Rating agency ICRA said the hotel industry is witnessing improvement in sentiment as demand rebounds and pan-India premium hotel occupancy may be nearly 40-42 percent in FY22, up from about 26-28 percent in FY21.
ICRA has revised its outlook on the Indian hotel industry to 'stable' from 'negative' in March 2022, following the swift demand recovery. About 49 percent of ICRA’s ratings are on a stable outlook currently.
While demand was impacted in Jan-22 and for the first two weeks of Feb-22 because of the Omicron wave, the industry has witnessed a healthy recovery post that aided by leisure, transient demand, MICE/weddings and a gradual pick-up in business travel, said ICRA.
The recovery has been sharper than that witnessed post-Covid 2.0. Pan-India premium hotel ARRs stood at nearly ₹4,200 – 4,400 in FY22 and were at a 25-30 percent discount to pre-Covid levels. However, for some high-end hotels and leisure destinations, ARRs have been higher than pre-Covid levels in the last few months.
"With significant improvement in demand, RevPARs are expected to improve to pre-Covid levels in FY2023, as against the earlier expectation of pre-Covid levels only by FY24. While the possibility of a fourth Covid wave cannot be ruled out, the increasing vaccination coverage and reducing disruption with each Covid-19 wave provide comfort," said ICRA.
ICRA expects that a month of complete lockdown could impact FY23 pan-India occupancy by nearly 5 percentage points.
“Easing restrictions, the high pace of vaccination and pent-up demand resulted in recovery in leisure travel within the country in Q2 and Q3 FY2022. Domestic business travel also started picking up, mainly to project sites/manufacturing locations from specific sectors, in Q3 FY2022," said Vinutaa S, Assistant Vice President and Sector Head, ICRA.
"Owing to improved operating leverage and sustenance of some of the cost-saving initiatives, the operating margins also jumped closer to pre-Covid levels. Despite the Omicron impact, we expect Q4 FY2022 revenues and margins to be better than Q2 FY2022."
ICRA underscored that the staff-to-room ratio continues to remain significantly lower than pre-Covid levels aided by redeployment of staff, reskilling employees and centralisation of business functions.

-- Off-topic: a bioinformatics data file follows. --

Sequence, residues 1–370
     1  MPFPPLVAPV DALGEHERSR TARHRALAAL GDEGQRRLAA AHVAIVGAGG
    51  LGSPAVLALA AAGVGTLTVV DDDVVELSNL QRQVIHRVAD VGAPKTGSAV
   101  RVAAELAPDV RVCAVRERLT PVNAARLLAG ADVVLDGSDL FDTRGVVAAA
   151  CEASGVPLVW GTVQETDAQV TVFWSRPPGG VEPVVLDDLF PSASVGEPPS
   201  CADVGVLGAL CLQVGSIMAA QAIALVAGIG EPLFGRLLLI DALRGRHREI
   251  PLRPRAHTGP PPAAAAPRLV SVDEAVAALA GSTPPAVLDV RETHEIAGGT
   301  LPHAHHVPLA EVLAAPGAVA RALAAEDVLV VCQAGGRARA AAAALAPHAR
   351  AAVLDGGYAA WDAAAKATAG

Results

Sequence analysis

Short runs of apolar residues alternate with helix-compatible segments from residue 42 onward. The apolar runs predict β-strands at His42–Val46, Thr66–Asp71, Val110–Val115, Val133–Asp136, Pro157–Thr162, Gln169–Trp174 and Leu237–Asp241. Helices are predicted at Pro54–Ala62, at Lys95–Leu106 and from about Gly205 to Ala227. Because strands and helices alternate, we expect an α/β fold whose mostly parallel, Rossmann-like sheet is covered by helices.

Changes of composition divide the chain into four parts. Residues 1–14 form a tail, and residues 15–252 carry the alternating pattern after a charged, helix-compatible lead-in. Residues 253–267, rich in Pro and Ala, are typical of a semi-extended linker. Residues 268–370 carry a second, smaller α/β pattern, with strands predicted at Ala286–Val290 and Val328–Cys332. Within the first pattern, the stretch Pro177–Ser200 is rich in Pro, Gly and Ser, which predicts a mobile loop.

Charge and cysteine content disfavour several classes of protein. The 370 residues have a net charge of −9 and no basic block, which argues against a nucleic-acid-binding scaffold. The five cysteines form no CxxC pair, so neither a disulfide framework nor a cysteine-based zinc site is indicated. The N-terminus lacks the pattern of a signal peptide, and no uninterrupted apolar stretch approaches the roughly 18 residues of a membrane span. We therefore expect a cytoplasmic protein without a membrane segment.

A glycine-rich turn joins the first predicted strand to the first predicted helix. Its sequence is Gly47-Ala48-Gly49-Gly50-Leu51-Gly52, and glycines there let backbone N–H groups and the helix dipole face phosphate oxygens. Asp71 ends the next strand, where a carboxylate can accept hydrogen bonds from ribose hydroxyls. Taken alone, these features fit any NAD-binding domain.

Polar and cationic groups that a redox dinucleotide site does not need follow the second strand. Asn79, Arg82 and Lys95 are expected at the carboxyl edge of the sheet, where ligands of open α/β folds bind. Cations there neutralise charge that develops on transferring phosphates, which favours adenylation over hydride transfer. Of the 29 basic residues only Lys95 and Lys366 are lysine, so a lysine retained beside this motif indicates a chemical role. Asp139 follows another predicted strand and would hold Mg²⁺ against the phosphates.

"With improvement in operating performance, coverage metrics are likely to be the best in H2 FY2022 since the start of Covid-19. While Q4 FY2022 interest coverage is likely to witness some sequential moderation because of the Omicron wave, it is still expected to be better on YoY basis,” said Vinutaa.
ICRA expects the hotel industry to clock nearly 60 percent of pre-Covid revenues in FY2022, despite almost four months of impact because of Covid 2.0 and Covid 3.0.
Vinutaa added that the industry is also likely to report operating profits in FY22 aided by improved operating leverage and sustenance of some of the cost-optimisation measures undertaken in FY21. Notwithstanding the potential impact on demand with further Covid waves, if any, ICRA expects the industry to return to pre-Covid levels in FY2023, as against FY24 earlier.
ICRA further underscored that the debt metrics are expected to return to pre-Covid levels in FY23, while RoCE is expected to remain sub-cost of capital, at least for the next few years.
ICRA expects equity fundraising/asset monetisation to support further capital structure improvement going forward. Despite the improvement in operating metrics, lenders and investors continue to be cautious, and incremental external funding is largely based on promoter comfort.
"Compared to the previous downcycle in FY09, which saw untimely supply increases of over 15 percent of the inventory at the bottom of the cycle in FY09-FY13, the current pipeline inventory is about 3-4 percent for the period FY22-FY25. This will facilitate an upcycle, as demand improves over the medium term, and supply lags demand. The financial loss from Covid and the preference for larger brands will result in some consolidation in the industry," ICRA said.